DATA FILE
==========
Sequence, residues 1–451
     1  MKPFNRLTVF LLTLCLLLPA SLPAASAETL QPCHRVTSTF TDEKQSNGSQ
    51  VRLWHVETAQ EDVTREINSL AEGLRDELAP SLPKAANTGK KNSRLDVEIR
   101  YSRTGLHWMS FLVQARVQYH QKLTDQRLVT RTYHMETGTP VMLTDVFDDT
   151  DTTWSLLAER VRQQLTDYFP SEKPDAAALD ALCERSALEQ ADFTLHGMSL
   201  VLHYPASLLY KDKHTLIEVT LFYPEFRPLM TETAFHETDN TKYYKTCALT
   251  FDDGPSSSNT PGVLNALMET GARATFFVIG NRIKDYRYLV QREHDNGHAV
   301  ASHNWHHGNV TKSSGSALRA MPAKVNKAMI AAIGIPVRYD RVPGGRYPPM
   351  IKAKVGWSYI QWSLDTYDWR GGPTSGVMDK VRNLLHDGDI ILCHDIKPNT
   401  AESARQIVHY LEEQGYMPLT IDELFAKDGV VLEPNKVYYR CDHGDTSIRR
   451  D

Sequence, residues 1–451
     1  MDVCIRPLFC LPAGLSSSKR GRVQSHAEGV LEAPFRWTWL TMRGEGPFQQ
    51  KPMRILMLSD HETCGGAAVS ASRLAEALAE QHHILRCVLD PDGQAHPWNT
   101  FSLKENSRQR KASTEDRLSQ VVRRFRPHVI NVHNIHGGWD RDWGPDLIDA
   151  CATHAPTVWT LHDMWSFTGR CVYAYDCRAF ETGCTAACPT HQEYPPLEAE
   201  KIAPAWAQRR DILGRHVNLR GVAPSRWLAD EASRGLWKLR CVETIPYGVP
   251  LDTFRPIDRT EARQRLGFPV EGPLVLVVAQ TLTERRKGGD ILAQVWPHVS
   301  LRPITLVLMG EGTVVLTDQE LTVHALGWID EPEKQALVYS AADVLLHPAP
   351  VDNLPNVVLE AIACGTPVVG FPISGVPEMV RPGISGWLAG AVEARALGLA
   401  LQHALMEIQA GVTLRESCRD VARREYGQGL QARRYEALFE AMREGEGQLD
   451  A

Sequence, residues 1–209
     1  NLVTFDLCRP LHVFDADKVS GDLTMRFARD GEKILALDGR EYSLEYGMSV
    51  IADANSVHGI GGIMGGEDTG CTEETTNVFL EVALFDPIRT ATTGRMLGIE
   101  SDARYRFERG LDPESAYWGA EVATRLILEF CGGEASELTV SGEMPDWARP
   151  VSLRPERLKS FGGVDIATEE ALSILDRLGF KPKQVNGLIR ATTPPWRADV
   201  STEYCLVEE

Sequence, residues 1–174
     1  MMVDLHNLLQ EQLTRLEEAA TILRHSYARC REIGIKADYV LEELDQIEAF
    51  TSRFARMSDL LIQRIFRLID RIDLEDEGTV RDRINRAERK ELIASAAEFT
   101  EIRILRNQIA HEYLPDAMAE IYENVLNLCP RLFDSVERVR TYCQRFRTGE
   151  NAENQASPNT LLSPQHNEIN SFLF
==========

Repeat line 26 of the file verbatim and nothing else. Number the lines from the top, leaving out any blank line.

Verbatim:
   101  SDARYRFERG LDPESAYWGA EVATRLILEF CGGEASELTV SGEMPDWARP